Where did that week go? It must be a matrix thing. You open your eyes one Monday morning and by the time you get up and start the day, it's the weekend already. Last weekend my children did the junior Great North Run. Due to some rogue gene, all three appear to be horribly active sporty types. This means my four-year-old daughter and seven-year-old son both ran a mile, and my nine-year-old ran three along the river banks of the Tyne. (The next day my husband ran 13 so perhaps the gene isn't all that rogue.) Instead of running alongside them, I spent all day festooned with bags and spare clothes with water bottles in every available coat pocket, spectating and cheering - not just my child but all of them. You read all these pieces about children being blimps and lifting their chubby hands from their nintendo DS's only long enough to reach into the bumper bag of crisps and stuff their chipmunk faces some more, but there was none of that in Newcastle. All these kids - some of them hurting, and grim-faced, some of them grinning ear to ear, some of them wearing photos of grannies and siblings they were raising money for, but each and every one of them determined to finish what they started.
I like the idea of children achieving, of getting them into the habit of achievement, letting them feel that buzz in the hope they want to feel it again. It reconciles me at least in part to the cold, rainy touchlines, the waiting around at football, at rugby, at cricket, at dancing, to the constant driving from here to there, and wondering "Am I a spectator in my own life?" Because I guess in part I am. I get to stand in the driving rain, and I get to watch and marvel because in a way their race has only just begun.
Yes to all of that. My kids too are ridiculously energetic and I spend my time chasing after them. However, as an old curmudgeon myself I have to keep quiet about my antipathy to all things sporty and group related - I don't want to pass such unseemly feelings on to the children.
Even heroes need someone to hold the coats xx
You were doing weight training - all those clothes and water bottles and what-have-you.
When my ne and only child was growing up, her social calender was far busier than mine and I was always ferrying her here and there and standing on the sidelines. Not a lot has changed even though she is away from home now!!!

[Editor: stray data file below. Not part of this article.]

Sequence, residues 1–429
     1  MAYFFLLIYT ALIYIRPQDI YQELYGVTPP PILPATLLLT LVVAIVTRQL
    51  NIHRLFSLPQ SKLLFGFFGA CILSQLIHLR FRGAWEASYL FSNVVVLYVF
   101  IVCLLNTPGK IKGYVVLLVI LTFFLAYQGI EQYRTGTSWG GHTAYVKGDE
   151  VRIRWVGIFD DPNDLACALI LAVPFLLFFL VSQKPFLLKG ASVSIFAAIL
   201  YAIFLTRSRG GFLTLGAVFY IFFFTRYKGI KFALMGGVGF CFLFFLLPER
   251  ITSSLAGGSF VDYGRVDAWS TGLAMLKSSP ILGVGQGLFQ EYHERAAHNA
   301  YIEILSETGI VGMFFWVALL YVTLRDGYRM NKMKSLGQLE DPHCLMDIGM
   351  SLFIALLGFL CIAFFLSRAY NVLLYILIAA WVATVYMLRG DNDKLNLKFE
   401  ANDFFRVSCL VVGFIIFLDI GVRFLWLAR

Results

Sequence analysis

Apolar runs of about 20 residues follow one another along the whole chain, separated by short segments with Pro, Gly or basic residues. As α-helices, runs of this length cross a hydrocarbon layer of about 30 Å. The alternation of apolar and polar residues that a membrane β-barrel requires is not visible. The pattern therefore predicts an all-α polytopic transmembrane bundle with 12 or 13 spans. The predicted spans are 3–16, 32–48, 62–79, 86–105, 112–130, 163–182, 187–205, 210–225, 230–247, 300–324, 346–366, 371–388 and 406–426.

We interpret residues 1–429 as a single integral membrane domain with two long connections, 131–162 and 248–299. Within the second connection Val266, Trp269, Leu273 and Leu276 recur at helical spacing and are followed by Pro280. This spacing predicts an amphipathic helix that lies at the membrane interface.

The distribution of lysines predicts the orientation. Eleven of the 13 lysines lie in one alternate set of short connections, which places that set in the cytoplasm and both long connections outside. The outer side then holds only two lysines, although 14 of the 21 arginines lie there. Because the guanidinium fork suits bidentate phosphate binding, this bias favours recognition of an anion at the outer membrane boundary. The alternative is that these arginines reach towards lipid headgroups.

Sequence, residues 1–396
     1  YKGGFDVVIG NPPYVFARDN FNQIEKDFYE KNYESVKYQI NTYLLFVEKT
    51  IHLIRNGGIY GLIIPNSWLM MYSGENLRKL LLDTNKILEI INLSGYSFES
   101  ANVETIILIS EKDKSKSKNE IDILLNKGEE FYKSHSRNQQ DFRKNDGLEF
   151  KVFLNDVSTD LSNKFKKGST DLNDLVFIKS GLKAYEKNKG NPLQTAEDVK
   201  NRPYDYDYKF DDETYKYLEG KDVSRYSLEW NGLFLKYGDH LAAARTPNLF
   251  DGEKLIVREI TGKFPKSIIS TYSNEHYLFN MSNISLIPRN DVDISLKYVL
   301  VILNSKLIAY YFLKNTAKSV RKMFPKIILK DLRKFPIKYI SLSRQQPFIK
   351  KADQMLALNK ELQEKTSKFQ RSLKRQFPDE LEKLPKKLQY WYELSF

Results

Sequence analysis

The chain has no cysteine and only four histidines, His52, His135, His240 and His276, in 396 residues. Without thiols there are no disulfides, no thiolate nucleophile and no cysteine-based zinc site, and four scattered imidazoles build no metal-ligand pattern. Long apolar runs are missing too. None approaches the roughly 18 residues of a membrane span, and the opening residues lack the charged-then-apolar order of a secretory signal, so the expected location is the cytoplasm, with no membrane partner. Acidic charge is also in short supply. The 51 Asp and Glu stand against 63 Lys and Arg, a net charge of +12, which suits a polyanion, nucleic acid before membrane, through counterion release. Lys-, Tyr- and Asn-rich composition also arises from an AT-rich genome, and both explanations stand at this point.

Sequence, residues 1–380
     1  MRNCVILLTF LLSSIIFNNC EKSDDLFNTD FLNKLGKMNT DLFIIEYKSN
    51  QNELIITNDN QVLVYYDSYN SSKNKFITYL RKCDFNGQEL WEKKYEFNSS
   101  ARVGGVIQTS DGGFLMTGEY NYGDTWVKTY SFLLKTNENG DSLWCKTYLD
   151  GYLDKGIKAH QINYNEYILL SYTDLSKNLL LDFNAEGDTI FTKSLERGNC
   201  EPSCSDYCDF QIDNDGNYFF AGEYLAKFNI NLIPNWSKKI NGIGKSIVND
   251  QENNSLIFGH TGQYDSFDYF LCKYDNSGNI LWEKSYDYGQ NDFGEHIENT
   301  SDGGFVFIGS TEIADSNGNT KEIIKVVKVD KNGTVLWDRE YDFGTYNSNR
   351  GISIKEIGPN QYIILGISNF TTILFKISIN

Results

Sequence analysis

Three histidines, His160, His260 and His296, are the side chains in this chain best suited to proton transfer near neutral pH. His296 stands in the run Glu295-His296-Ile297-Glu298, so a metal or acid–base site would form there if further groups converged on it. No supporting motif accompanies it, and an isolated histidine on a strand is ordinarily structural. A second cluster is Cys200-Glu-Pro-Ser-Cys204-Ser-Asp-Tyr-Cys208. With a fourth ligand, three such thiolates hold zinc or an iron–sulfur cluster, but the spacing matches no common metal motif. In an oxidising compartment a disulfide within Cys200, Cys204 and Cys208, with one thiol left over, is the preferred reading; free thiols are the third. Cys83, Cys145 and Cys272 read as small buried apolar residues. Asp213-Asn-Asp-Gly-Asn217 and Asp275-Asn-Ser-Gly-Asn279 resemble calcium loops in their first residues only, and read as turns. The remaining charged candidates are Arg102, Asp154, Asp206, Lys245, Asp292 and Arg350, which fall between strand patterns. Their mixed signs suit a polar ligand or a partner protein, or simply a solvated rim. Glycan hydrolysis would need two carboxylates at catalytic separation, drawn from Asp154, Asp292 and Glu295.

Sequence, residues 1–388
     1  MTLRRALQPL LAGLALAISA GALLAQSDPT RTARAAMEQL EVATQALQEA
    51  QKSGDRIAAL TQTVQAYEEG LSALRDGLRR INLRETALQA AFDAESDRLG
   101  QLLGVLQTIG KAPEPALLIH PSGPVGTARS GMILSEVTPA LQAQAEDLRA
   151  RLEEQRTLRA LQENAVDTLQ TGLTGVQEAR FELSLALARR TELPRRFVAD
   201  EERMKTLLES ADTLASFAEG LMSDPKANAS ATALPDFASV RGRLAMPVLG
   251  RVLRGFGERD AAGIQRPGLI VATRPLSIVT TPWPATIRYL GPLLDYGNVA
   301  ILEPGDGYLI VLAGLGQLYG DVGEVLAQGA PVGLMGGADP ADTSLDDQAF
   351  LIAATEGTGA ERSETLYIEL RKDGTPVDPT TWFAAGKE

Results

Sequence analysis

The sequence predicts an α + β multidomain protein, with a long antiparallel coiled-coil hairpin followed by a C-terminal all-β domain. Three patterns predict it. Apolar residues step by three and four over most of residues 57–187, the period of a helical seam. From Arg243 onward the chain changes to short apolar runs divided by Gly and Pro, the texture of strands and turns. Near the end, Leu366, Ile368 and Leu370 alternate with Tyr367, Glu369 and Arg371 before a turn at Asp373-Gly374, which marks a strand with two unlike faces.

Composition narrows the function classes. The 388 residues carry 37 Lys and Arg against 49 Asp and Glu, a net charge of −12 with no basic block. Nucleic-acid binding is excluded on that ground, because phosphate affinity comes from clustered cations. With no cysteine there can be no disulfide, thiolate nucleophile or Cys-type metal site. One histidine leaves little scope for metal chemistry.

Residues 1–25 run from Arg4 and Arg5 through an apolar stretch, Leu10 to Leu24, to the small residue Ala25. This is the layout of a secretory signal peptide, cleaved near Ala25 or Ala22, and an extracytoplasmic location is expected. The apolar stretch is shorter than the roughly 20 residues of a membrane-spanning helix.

Well done to your children for taking part in the run, and your huband for doing the half marathon, and congatulations to you for supporting them! Someone has to haold the spare coats and water bottles.
Our local vicar and his wife did the half marathon, being sponsored to the tune of £1,000 for Cancer Support!
Perhaps spectating is also a learning process. A sort of prelude..
Hmm, I anticipate your appearance in vest, shorts and racing number shortly wifey.
There's something very moving about this: I often wonder whether I'm a spectator in my own life, too - and then I remember that my life is the sum of my choices, and that the biggest, best choice is the one I'm taking to gym/the playground/the sponsored bounce and I understand that in the natural ebb and flow of a life it won't be for very long that I'm required to do this, and that I will miss it when it's gone.
My son plays cricket and I spend the whole summer sitting watching him and his mates and chatting with the other parents or reading the paper or dozing off. I absolutely love every minute of it and am just like him in wanting the winter to be over so we can go off again. Having gone to boarding school and not had parents to watch I want to go to everythng my children do, as long as they want me there! And I know there are those nintendo hugging obese teenagers out there, but when I go to a tournament and see the teams of slim, athletic and enthusiastic young cricketers you know it's not all bad news.
7 kids (6 boys ,youngest a girl). Ages 9-23yrs. All had swimming lessons during school and pre-school yrs. Older kids swam for 1hr week, on different days and times. Younger ones swim for 2hrs on different days. Just trying to work out how many years of my life I've spent sitting at the local pool! Not to mention getting caught at the level crossing on the way there!
I often watch my life as it glides past and remember I should have done something before it's too late.
Well done on the running; quite an achievement.
My kids don't tend to exert themselves very much except at odd times. We have 2 acres of land but they never run around in it. If, however, we are walking from the car to a restaurant, they will sprint and play all the way down the street. Or if the they're waiting for me to come out of a shop or something, they'll run rings around a nearby pole. Go figure.
there are some who like watchin, some as well who like being in the thick of it
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